Several UCSC linguists flew into Hawaii for the 25th Japanese/Korean Linguistics Conference. The Accent Research Group — Junko Ito, Armin Mester, Nick Kalivoda and Jeff Adler (in absentia) — presented their work (with a talk and poster) on the endangered Japanese dialects of Kagoshima at the satellite workshop on prosody and prosodic interfaces. They met up with familiar Santa Cruz-related folks — Haruo Kubozono (NINJAL), former LRC visitor and workshop organizer, and Larry Hyman (UCB), the workshop commentator. Kohei Nishimura, former LRC visiting graduate student also gave a talk based on the NINJAL corpus of Spoken Japanese. At the main conference, they were joined by Hitomi Hirayama, who gave both a poster on “Discourse effects of biased questions in Japanese” at the main session and a talk (joint with Adrian Brasoveanu) at an East Asian Psycholinguistics satellite workshop on “Expressing ignorance in Japanese: contrastive wa vs. sukunakutomo.”
Pictured above: Hitomi Hirayama, Nick Kalivoda
Pictured above: Haruo Kubozono, Nick Kalivoda, Larry Hyman, Armin Mester, Junko Ito
Last week Pranav Anand attended the first workshop at the University of Siena on Evaluatives in Deliberative Contexts. He reports:
“I spent Thursday and Friday at a workshop on Evaluatives in Deliberative Contexts organized by Valentina Bianchi at University of Siena. The workshop’s goal was to create a forum for formal semanticists, formal syntacticians, corpus linguists, political scientists, and economists to come together to talk about how to model the devices people use to express opinion in political discussions. I spoke about my joint work with Jeannie Fox Tree, Lyn Walker, and Steve Whittaker on modeling political argumentation and, more recently, narrator mood. It was great to be on the ground as an interdisciplinary collaboration is just getting started and to talk with formal linguists about these tricky pragmatic issues.”
This Friday, October 20th, at 4:00 pm in Humanities 1, Room 210, there will be a colloquium talk by Judith Aissen (UCSC). Her talk is entitled “Right-edge topics in Tsotsil (Mayan).” The abstract is given below:
Recent work on word order in Mayan has suggested the existence of a topic position at the right edge of the clause (Clemens and Coon, to appear). Under this analysis what has traditionally been analyzed as basic V-O-S order in some Mayan languages actually reflects V-O-Topic order, with the subject in a transitive clause being the canonical topic. This talk consider evidence for a right-edge topic in Tsotsil, focusing not on subject topics but on possessor topics. We conclude by discussing the relation of this right-edge position to the larger typology of topic positions in Mayan.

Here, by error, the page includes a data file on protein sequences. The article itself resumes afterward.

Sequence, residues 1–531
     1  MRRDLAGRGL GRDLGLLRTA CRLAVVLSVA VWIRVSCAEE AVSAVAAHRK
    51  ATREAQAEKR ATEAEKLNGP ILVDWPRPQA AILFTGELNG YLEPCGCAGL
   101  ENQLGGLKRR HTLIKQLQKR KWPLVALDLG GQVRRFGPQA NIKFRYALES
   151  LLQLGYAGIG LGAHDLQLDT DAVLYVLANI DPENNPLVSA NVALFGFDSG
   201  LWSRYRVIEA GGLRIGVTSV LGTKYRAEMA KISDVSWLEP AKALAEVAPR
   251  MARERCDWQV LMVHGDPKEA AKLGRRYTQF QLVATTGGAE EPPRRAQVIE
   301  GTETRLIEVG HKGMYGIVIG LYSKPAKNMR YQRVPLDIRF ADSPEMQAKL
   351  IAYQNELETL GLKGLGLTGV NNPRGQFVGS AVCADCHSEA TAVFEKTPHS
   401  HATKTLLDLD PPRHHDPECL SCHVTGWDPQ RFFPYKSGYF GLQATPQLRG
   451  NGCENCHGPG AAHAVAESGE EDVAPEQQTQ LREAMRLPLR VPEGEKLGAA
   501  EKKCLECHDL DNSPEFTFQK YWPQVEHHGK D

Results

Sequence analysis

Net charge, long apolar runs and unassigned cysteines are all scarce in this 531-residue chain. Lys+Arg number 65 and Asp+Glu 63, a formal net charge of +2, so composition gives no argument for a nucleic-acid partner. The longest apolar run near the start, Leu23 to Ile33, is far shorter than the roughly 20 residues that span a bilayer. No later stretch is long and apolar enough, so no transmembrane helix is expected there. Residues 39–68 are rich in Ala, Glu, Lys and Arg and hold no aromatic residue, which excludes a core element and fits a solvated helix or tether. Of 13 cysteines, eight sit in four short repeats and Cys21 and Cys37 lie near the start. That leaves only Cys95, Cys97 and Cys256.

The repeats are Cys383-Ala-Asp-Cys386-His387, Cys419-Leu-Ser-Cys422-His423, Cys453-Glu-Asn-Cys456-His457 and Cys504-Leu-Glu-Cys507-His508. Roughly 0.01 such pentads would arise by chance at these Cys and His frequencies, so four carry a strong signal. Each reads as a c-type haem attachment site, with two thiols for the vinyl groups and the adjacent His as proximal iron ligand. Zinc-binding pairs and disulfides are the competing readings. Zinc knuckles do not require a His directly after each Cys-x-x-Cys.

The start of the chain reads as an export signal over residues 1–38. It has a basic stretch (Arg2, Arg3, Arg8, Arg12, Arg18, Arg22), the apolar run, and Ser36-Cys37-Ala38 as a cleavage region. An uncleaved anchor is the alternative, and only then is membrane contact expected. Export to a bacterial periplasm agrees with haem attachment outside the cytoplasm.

Graduate student Erik Zyman‘s paper “Quantifier Float as Stranding: Evidence from Janitzio P’urhepecha” has been accepted for publication in Natural Language and Linguistic Theory. The paper argues that Janitzio P’urhepecha quantifier float (cf. The girls are all reading) is derived by movement that splits up an underlying nominal (cf. all the girls), stranding the quantifier—challenging the view that floated quantifiers are (always) adverbials adjoined to some clausal projection. One of the main arguments comes from Janitzio P’urhepecha’s strikingly wide array of DP positions (most of them subject positions): whether an ordinary DP is possible, impossible, or marginal in a given position, a floated quantifier behaves the same way in that position. The large array of subject positions uncovered in this investigation lends new support to the “distributed” view of subjecthood. A preprint version of the article may be found here.
Adrian Brasoveanu and Jessica Rett (UCLA) have published a paper on “Evaluativity across adjective and construction types” in Journal of Linguistics. An adjectival construction is evaluative iff it conveys that the property associated with the adjective exceeds a relevant threshold. The paper presents the first experimental tests of the scope and nature of evaluativity across adjectival constructions and adjective types. The studies confirm that evaluativity is conditioned by adjective type (relative or absolute, Kennedy & McNally 2005) and is not restricted to the positive construction. However, they also show several new and surprising aspects of evaluativity: that it is perhaps better characterized as a gradable property than a binary one; that the ways in which relative and absolute adjectives differ in their evaluativity vary across construction; and that, contrary to standard intuitions, subjects are willing to attribute evaluativity to the subject position of comparative constructions like Sue is taller than Bill.